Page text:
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The 6 a.m. subway ride from Brooklyn to Manhattan is a different experience than taking the same trip later on in the day. At this early hour, the cars of the train are occupied primarily by Black and Latino workers. The workers do not travel together but individually. There are no conversations. Most are trying to get in another hour of sleep during their commute. But even when their eyes are closed, their ears are alert to the voice of the conductor who announces delays or the stations that will be skipped or the need to transfer to busses.
A request is heard repeatedly over the loudspeaker: “Please do not block the doors. If our train is delayed, the train behind us will be too, and everyone will be late for work. Please take the next train.” One’s idealized image of the great subway of New York City vanishes quickly when seeing a system that is in serious disrepair and increasingly costly for its riders.
At Canal Street station, the crowds rush to change trains. In my case, I make a change which will save me six blocks of walking in the inhospitable cold of New York. In the station, the posters read in Spanish. I take the stairs up to the street and find myself in a neighborhood filled with Chinese characters. Stalls selling traditional Chinese products and foods line the street. Newspapers are being sold outside the shops, but I can only understand them by their images: Trump has bombed Syria. Buying something here is an adventure. One can only work out the contents of the packages through a few clues and a word or two in English.
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It’s our job to open up the store. My co-worker is Ecuadorian, and I arrived from Argentina only a few months ago. We begin the day chatting a bit about the delays on the subway that morning or wondering when the cold will come to an end. But mostly we concentrate on our jobs, making sure that no mistakes are made and everything is ready to open our doors on time. Among the pots, tables, and appliances, she tells me her story: “I’ve been working here for over a year with only one day off a week. I send the money I earn to my family back home, or I save it for emergencies. I spent a month in a detention center here — just when Trump took office!”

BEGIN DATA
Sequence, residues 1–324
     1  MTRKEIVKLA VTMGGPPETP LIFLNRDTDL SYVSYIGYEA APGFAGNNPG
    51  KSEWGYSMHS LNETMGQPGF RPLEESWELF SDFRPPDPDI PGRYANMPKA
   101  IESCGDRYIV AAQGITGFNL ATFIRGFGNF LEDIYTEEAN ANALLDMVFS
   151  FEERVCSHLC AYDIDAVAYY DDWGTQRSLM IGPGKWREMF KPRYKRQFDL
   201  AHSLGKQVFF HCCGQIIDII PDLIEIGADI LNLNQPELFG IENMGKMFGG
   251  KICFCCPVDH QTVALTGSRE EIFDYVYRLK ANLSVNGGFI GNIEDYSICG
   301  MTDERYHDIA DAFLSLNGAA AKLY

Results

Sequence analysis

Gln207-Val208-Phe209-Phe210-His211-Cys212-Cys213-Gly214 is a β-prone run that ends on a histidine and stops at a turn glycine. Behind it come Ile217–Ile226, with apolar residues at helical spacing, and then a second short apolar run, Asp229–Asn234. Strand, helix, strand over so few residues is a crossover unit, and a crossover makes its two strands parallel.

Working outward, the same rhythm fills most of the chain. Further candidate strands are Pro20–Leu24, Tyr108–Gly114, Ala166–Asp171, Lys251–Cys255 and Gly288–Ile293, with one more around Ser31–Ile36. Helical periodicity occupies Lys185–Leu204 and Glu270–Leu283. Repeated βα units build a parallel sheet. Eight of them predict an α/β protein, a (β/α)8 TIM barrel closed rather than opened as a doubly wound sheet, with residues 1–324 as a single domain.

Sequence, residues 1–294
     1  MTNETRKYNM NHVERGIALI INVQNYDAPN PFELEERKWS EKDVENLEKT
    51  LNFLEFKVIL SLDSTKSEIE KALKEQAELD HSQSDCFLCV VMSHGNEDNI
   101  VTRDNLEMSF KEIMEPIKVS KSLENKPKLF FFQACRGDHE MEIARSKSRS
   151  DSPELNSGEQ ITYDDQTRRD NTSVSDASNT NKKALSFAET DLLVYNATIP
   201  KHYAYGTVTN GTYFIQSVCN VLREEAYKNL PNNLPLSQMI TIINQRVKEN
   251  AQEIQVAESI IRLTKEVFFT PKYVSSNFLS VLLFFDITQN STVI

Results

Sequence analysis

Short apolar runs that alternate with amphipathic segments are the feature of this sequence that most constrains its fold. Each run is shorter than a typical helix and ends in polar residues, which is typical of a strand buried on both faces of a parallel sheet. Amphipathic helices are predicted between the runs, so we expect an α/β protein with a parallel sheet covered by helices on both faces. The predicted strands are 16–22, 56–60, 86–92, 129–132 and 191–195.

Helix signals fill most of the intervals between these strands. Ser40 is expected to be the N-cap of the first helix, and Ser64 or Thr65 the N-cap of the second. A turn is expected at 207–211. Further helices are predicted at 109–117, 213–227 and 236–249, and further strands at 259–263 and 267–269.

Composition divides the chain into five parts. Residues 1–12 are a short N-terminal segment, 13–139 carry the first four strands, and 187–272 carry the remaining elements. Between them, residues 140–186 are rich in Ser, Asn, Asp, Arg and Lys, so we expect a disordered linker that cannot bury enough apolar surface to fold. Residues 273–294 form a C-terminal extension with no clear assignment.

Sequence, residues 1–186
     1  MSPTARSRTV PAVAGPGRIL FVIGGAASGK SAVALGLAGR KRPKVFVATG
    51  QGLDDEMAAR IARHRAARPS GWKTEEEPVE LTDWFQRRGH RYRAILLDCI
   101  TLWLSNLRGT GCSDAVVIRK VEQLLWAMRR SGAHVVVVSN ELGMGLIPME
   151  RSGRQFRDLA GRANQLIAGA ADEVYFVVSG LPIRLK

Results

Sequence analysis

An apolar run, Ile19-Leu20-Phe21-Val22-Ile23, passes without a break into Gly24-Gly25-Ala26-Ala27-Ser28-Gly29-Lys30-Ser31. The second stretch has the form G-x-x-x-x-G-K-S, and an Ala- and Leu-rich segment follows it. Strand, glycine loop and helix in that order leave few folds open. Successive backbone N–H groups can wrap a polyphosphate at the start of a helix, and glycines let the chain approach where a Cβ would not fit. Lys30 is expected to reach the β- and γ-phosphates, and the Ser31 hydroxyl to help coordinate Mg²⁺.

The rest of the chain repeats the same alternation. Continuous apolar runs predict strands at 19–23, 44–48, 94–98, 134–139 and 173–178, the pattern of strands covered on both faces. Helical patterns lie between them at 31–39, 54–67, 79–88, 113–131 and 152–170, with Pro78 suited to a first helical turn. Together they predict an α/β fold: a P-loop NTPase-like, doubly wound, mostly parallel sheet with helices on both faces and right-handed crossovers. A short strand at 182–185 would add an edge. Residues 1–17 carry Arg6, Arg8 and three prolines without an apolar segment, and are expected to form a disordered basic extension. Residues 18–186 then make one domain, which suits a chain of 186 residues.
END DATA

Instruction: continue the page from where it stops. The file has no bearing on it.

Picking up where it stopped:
Some hours later, the other workers begin to arrive. The majority are young; the youngest is 17 and has two jobs, another is barely twenty and crossed the border after a six-day trek through the desert. Those who work in my section are all from Guatemala. The workers who attend to the customers are from China, Korea and Venezuela.
At the beginning, I thought that there were three languages being spoken among the workers. But I came to notice that many workers were campesinos and speak in their own dialects during their breaks when they call up their family members or friends back home. “Arbol!” a co-worker shouts at me —“Tree.” Upon seeing my confused face, he explains to me that this means “Hey” in his dialect. From what I can tell, there are 10 workers speaking nine languages, not counting even the Spanglish we all use when trying to communicate with each other.